Other problems noted in the study include the difficulties that children with ASD have with new environments and with changes is their daily or normal routine. This points to the problem of the hospital environment and posits the question whether this environment or any new and unfamiliar environment is the best place to treat these children. Furthermore, this study makes the important observation that

Components of a health care visit can be very stressful to the child, parent, and health care professional and painful procedures can leave lasting negative memories. These memories can have a significant impact on future visits resulting in behaviors such as tantrums and aggressions toward health care personnel.

(Souders, De Paul D, Freeman and Levy, 2003)

These are all factors that the professional nurse has to be aware of in treating children with autism. The study also notes that there is a need for the development of effective interventions and management strategies that can result in a more positive healthcare experience for these children.

The problem of treating autistic children in the nursing and healthcare environment is expanded on in other studies and assessments, although it should also be noted that there is a relative paucity of in-death research in this area. Much of the available literature on the subject emphasizes that communication is a central nursing issues in dealing with the autistic child.

A study by Lesinskien? et al. entitled Aspects of nursing of the autistic children (2002) states that "Due to the behavioral and communication difficulties autistic children need individualized approaches providing them medical help…" (Lesinskien? et al. 2002, p. 412) The central purpose of this study is to "…analyze peculiarities of behavior, communication and social adaptation of children with autism disorder" in relation to the problems faced in both inpatients and outpatients in medical services. (Lesinskien? et al. 2002, p. 412) The study also includes intervention and treatment recommendations for pediatric and mental health nurses. The research included a comprehensive questionnaire that was given to mothers of children with and without developmental disorders. The age of the children concerned was between three and twelve years of age.

The study found that these children in general experienced "severe behavioral and emotional difficulties" when being examined and nursing staff. (Lesinskien? et al. 2002, p. 412) This again indicates the importance of environment and, similar to the study by Souders et al. ( 2003), questions the adequacy of the normal hospital environment in treating these children. This study stresses that, "Adaptation difficulties in medical services were very prominent, especially at the in-patient departments." (Lesinskien? et al. 2002, p. 412) These difficulties included unpredictable and impulsive behavior, as well as anxiety, decrease of appetite, and sleep disturbances. It is also suggested in this study that the hospital may not be the best environment for nursing interventions, and the suggestion is that home visits may be a more fruitful form of intervention.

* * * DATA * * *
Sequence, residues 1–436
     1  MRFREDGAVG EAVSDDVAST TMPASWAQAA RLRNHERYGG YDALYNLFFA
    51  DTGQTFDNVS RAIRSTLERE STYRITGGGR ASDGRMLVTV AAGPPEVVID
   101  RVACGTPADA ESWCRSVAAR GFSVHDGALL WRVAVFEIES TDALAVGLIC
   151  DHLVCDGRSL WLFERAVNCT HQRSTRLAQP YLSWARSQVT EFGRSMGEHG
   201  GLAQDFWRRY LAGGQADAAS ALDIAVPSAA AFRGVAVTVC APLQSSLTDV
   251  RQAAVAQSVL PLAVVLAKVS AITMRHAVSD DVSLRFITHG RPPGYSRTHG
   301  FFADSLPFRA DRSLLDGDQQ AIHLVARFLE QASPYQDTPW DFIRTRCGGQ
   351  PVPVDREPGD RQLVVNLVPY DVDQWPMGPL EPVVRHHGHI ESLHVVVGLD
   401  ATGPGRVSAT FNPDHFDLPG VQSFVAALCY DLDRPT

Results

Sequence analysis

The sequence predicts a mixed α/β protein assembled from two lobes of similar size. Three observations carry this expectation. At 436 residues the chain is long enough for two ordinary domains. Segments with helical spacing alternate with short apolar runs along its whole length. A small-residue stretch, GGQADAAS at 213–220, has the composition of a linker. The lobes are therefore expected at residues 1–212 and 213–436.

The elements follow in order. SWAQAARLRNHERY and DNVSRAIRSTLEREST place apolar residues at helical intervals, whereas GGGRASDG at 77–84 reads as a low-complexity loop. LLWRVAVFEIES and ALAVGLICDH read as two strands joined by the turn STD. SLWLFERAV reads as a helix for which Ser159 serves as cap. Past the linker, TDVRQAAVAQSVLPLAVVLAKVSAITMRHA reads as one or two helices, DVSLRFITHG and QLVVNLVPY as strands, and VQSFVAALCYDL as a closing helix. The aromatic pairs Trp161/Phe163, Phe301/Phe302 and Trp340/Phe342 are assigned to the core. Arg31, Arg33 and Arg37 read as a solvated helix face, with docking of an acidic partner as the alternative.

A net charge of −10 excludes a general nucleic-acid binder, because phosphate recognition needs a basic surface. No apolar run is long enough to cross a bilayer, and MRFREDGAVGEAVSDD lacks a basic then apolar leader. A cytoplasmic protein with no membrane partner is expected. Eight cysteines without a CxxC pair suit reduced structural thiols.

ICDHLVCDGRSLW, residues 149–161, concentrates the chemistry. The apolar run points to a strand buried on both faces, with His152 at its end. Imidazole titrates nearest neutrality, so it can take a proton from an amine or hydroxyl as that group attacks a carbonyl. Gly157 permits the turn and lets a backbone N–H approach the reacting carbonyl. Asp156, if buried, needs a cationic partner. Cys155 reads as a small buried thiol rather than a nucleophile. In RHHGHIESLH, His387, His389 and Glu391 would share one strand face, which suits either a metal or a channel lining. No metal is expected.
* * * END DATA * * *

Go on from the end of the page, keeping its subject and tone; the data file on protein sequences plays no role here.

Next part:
This also raises another cardinal issue that is reiterated in a few other studies; namely that data from research indicates that a central area of concern in nursing is the establishment of adequate and interactive contact with these children. The study also suggests that more knowledge with regard to treating these children from a nursing perspective is needed.

Many studies indicate that the issue of nursing communication with the autistic child is a problem that includes many concomitant aspects; including the issue of creating an environment that is conducive to treatment in the first place. In order to establish more effective modes of techniques fro interaction with these children the nurse should also take into account of research in related fields and disciplines that can shed light on this problem. For example, a study entitled Caring for Children With Autism in the School Setting by Karen Galinat, Kelly Barcalow, and Barbara Krivda, provides some insight into the communicative aspects of dealing with autism that can be use fully applied in a nursing setting. All the authors have a nursing background and Galinat is a school nurse with the Mercer County Special Services School District in Mercer County, NJ.

As is the case in many other studies, the author stress that dealing with the autistic child requires an approach that is customized to cater for the particular individual aspects of that child. In other words it is difficult to administer or adhere to general protocols or strategies. "Each child with an autistic spectrum disorder (ASD) exhibits individual characteristics of the disorder." (Galinat et al.) The authors… [END OF PREVIEW]